The names remain to be assigned to each meerkat. Anne Nichols, lead keeper for the creatures, said she plans to let the naming process come naturally.
“We’re starting to figure out which names go with each of their individual personalities,” said Nichols. “They really do have personalities—like the alpha female, she’s very assertive. And, there’s another male who is incredibly exploratory. He’s our sentry, the lookout.”
Two Seattleites represented by the Animal Legal Defense Fund filed a lawsuit against the city of Seattle June 29 to stop what they see as the city’s unlawful use of taxpayer dollars to support the Woodland Park Zoo’s reckless and illegally cruel treatment of its elephants.
Plaintiffs Mary Sebek and Nancy Farnam brought their concerns about what they characterize as misuse of city funds to support illegal conduct at the zoo to the national non-profit Animal Legal Defense Fund, whose attorneys are representing them, according to an Animal Legal Defense Fund press release.
“As a taxpayer, I feel obliged to take a stand to make sure that the city of Seattle stops funding animal cruelty,” Sebek said in the press release.
According to the Animal Legal Defense Fund, as a result of inadequate facilities, abusive management practices, longstanding intentional neglect, and breeding practices in callous disregard for elephants’ welfare, the zoo’s elephants, Bamboo, Watoto and Chai suffer from severe and chronic foot and joint injuries, unexplained physical trauma and bleeding, and sustained psychological harm, according to the press release.
Three Chilean flamingo chicks recently made their first public appearance at the Woodland Park Zoo. Hatched last August and September, the chicks marked the first successful hatching of this species in the zoo’s 110-year history.
In another chick sighting, a 1-month-old red-crowned crane is under the watchful care of its 18-year-old parents, which have contributed more than a dozen successful hatchings of this critically endangered species to zoos around the country.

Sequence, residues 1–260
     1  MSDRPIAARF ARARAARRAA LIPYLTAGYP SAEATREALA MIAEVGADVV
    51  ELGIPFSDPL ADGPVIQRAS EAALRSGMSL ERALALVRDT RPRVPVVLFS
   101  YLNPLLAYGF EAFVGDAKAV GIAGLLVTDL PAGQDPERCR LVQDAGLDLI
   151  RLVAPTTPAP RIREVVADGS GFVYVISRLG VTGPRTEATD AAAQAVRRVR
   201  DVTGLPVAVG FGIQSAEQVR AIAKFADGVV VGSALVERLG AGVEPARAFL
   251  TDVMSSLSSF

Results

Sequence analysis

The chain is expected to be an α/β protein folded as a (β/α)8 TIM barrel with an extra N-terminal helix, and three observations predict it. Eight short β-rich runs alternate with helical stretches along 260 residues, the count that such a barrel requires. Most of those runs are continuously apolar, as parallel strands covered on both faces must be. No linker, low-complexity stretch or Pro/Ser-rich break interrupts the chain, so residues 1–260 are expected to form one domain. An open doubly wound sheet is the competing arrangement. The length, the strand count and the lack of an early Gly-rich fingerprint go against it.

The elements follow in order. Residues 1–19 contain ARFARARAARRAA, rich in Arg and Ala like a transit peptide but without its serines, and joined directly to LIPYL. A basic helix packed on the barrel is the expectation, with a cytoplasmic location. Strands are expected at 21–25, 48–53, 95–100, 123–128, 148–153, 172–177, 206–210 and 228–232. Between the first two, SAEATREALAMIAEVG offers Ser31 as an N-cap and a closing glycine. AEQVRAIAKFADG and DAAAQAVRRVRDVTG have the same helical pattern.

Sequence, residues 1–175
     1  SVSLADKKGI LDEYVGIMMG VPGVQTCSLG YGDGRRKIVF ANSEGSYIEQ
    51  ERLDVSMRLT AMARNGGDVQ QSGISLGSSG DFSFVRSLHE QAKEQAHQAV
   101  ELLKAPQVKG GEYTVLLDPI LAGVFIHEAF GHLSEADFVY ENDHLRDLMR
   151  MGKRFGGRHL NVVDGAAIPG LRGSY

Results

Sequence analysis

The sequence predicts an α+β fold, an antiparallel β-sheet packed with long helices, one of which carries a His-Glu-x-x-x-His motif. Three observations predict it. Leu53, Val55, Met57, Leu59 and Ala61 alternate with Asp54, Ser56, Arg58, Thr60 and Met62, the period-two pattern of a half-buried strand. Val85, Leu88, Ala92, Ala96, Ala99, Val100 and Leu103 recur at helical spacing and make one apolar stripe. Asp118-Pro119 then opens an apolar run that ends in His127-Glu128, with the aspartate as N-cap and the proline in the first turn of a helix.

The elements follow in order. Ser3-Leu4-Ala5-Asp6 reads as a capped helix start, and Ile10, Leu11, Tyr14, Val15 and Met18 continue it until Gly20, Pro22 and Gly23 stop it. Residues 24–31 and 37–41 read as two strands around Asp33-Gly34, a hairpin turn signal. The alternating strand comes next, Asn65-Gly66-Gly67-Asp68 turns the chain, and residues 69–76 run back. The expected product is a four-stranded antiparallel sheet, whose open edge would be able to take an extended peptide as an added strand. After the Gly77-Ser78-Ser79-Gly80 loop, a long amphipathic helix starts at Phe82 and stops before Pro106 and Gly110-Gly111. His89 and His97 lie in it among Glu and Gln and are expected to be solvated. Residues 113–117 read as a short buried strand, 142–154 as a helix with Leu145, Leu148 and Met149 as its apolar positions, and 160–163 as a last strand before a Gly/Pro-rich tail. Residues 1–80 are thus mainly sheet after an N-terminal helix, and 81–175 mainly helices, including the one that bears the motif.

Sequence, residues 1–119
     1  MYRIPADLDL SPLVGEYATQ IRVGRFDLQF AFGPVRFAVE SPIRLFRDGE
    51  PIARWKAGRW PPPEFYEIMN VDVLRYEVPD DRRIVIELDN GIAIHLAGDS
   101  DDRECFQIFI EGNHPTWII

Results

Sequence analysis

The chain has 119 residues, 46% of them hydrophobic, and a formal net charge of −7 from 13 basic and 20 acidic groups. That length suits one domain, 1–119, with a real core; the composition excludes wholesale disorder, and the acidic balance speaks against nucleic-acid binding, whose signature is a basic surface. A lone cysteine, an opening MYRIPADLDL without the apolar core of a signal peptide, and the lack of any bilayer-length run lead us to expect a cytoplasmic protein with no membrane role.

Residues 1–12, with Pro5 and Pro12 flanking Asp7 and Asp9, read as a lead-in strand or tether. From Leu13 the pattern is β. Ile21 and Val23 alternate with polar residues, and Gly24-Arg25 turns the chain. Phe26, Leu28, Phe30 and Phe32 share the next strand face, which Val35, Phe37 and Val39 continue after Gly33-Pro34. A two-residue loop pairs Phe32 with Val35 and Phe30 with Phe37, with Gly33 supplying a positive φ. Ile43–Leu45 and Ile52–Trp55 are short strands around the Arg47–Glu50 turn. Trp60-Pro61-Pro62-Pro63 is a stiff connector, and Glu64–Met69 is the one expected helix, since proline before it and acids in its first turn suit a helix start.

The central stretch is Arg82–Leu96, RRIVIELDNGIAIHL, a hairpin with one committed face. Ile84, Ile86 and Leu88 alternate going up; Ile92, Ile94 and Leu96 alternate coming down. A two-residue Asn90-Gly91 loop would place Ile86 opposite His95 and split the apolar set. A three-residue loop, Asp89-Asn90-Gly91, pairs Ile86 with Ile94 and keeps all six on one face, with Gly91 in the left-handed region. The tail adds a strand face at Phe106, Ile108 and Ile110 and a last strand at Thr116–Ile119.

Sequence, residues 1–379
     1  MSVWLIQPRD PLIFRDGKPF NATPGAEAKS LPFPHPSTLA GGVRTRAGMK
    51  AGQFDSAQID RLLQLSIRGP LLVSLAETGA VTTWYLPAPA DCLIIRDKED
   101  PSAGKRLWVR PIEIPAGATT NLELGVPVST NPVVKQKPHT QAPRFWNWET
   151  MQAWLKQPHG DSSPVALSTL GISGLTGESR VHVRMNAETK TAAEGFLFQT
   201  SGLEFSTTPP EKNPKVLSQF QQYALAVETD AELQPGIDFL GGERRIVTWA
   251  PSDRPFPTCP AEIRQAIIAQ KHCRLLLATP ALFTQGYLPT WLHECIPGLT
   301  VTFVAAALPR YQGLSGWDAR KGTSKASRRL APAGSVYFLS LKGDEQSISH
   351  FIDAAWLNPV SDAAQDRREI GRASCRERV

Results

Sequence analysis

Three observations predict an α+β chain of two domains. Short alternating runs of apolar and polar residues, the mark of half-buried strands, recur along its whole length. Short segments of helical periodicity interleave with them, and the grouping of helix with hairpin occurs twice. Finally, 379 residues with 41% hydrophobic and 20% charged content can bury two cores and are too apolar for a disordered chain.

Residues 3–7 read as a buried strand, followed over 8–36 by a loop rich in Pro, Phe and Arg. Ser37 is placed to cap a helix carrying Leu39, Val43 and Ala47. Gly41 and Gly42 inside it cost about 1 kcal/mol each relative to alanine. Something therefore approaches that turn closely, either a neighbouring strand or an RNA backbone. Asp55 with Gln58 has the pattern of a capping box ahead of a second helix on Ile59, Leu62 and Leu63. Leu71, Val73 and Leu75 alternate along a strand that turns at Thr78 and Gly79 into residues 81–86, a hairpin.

Red-crowned cranes are renowned for their spectacular and elaborate courtship dances and are known as important symbols of long life, peace, happiness and fidelity for many Asian cultures.
After a 10-year absence from Woodland Park Zoo, hooded cranes have returned. The new male and female are designated to breed under the Association of Zoos & Aquarium’s Population Management Plan to help sustain a healthy and genetically diverse population of the species.
Effective Saturday, June 12, the animals for adoption at the King County Crossroads animal shelter will be transferred to the county Kent shelter location and the Crossroads location will close to the public.
The county is changing its animal control services beginning July 1. SeaTac and Tukwila have expressed interest in continuing to receive services from the county, at least for the next two years.
Burien has opted out and will make alternative arrangements for animal patrolling, sheltering and licensing.
Des Moines and Normandy Park already share an animal control officer.
County staffers say the shelter consolidation will allow for more efficient staffing at the Kent shelter location, improved care for animals, and save the county utility and lease costs.
The Crossroads location will remain a non-public base of operations for Animal Control Officers assigned to East or North King County, and may occasionally be used to support adoption events and foster care programs.
The Crossroads shelter is the smaller of two county-run animal services locations. On average, it can hold just over a dozen adoptable animals.
Furry Faces Foundation is holding our 10th annual June plant sale--in West Seattle—rain or shine. 1,000+ healthy, nursery quality plants, reasonable prices, beautifully suited for Pacific NW grdns: Unusual Tomato Varieties & other organic vegies; Lychnis; Catmint; Phlox; Ornamental Grasses; Coleus varieties to brighten your garden; Geraniums; Sedums; Dianthus; Impatiens; Campanula; Calla Lily; Lavender; and more.
Have room in your heart and home for a furry face or two? Both Animals First Foundation and King County Animal Care and Control will be on site, on Sunday, with loving dogs and cats, looking to adoption a human. On Saturday, three, wonderful adult cats will be struttin’ on their cat walks, looking for some attention. The two boys, Frosty Mogul and Snowpack are a bonded pair, and Daphne is looking to be the only cat in her new home, plus would enjoy a dog companion or two.
All plant sale proceeds support our two programs--Oliver’s Fund and It’s Hip To Be Snipped, which assist animals whose humans are financially restricted or going through tough times. More info? Email email@example.com or www.furryface.org or check out our facebook page.